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| Goals and Intended Audience |
Rediscovering Biology was designed for high school biology teachers who have substantial knowledge of basic biology but who want to learn about important recent discoveries. It was also designed so teachers could familiarize themselves with research methods and tools that will lead to new discoveries to come. In designing the project we asked, What do teachers already know, and what information would help them better understand recent and future developments?
This is not a curriculum development project and does not attempt to provide materials for use in the high school classroom. In most cases, the level of presentation is too advanced for those who are beginning the study of biology. But through exposure to the research methods and techniques used by today's scientists, and with an understanding of some important new concepts, we hope that teachers will gain a heightened appreciation of ideas they already teach, as well as an increased ability to incorporate new topics into their curriculum.
Other users—such as college students, advanced high school students, professional scientists, graduate students from other fields, or well-educated laypersons—may also find this project useful. We welcome their use of these materials.
The materials were designed for use in various ways: Some individuals may want to learn about a single topic and study parts of one unit on their own. Some may join in small facilitator-led groups, such as professional development in-service sessions, to go over one or a group of related units. Others may choose to complete the entire course. For the latter group, graduate credit may be earned through Colorado State University. For information on earning credit or obtaining materials, go to www.learner.org/workshops/graduate_credit.html
How Topics Were Chosen
The teachers and researchers on our advisory board each proposed ten to twenty areas of biology that they thought had undergone significant change in the preceding decade. The cumulative list was then combined and narrowed down to 13 major unit topics that the group agreed would provide a good foundation for those wanting to learn about new developments in biology.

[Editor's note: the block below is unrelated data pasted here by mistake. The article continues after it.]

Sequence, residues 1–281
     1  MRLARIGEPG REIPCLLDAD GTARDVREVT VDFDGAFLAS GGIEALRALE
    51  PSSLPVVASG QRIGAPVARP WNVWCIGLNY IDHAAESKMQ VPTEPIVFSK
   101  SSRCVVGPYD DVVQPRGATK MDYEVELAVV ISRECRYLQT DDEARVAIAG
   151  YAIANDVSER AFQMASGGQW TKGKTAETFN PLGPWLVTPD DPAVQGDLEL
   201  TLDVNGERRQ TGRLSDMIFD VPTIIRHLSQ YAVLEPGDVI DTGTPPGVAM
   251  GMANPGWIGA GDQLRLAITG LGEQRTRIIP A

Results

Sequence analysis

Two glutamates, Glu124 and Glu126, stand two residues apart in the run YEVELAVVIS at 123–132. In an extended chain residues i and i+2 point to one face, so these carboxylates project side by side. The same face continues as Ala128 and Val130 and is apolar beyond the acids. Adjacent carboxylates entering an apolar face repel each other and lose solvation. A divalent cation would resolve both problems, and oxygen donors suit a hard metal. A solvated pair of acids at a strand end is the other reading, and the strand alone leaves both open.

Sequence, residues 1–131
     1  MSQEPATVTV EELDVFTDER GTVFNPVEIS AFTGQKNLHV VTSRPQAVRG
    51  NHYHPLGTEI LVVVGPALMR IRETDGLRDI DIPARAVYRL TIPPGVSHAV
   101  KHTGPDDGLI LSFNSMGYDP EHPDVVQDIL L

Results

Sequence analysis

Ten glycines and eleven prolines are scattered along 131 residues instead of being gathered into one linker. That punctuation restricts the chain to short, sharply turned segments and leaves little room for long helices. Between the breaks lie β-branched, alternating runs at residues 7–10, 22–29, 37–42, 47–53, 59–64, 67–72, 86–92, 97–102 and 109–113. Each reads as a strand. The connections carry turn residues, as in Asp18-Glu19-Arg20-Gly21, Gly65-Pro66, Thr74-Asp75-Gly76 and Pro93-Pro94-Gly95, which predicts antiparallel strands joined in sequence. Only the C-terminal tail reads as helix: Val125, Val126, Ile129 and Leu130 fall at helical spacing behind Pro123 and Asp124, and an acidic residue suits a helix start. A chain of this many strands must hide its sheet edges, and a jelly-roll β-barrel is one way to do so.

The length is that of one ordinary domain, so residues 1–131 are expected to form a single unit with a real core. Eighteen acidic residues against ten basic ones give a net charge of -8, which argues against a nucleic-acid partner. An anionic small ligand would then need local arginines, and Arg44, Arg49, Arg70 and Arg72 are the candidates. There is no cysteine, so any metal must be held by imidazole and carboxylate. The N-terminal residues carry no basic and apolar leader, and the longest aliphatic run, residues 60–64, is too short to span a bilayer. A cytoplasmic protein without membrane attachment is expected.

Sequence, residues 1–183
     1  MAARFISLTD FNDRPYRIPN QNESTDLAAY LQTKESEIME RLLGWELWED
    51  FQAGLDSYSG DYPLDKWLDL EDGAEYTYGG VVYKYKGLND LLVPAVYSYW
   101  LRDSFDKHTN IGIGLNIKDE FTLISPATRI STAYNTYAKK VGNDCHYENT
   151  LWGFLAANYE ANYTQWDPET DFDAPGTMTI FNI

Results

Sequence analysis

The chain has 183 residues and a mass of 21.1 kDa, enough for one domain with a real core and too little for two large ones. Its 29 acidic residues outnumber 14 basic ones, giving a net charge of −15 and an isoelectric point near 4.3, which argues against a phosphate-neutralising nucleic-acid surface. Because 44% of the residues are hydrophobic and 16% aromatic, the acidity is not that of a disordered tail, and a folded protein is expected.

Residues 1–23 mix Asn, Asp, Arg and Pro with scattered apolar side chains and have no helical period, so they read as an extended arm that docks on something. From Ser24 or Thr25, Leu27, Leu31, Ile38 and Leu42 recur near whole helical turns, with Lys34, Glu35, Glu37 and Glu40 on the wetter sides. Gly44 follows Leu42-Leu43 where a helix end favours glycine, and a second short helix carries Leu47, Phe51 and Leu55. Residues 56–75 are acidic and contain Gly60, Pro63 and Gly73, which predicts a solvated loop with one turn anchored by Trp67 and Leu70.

This is not a comprehensive treatment of the field of biology. It includes areas of study that may be entirely new to some, such as genomics and proteomics. It also includes more traditional topics, such as human evolution and neurobiology, which have changed substantially because of application of new techniques. Indeed, a common theme throughout the project is the application of processes and techniques at the molecular level to enlighten studies of organisms, populations, or ecosystems.
Assumptions About User Knowledge
We assume that users of this material have knowledge equivalent to that of someone with a bachelor's degree in a biological science. Most terms and concepts that are used in a high school biology text are not defined or explained. We also recognize that biology is a rapidly advancing field, and someone who graduated from college a decade ago could not have been exposed to some of what is taught today. Biology is also a huge field of study, and many students who graduate from college this year, even, will not have been exposed to all of the material collected here. Many of the concepts we explore can be found in a recent introductory college biology textbook such as Freeman's Biological Science, or Campbell and Reece's Biology. Users might find it useful to have access to such a text as an additional reference.
Rediscovering Biology is a multimedia project. Each of the 13 units is composed of a thirty-minute video, an online text chapter, and a set of learning activities. The Web site provides access to all of these, as well as additional resources, including:
The videos and the text chapters can be used independently; if both are used, it is possible to start with either one. We imagine that most users will watch the video first, then read the chapter, and then perhaps watch the video again. The learning activities are meant to be completed after watching the video and reading the chapter.
- a course guide
- a navigable glossary
- four interactive case studies
- edited transcripts of expert interviews
- animations from the videos and case studies
- images from the videos and Textbook
Getting the Materials
You may watch the programs online via Video on Demand or purchase DVDs and the course guide from our online catelog. The guide units are also available as PDFs under support materials on this Web site.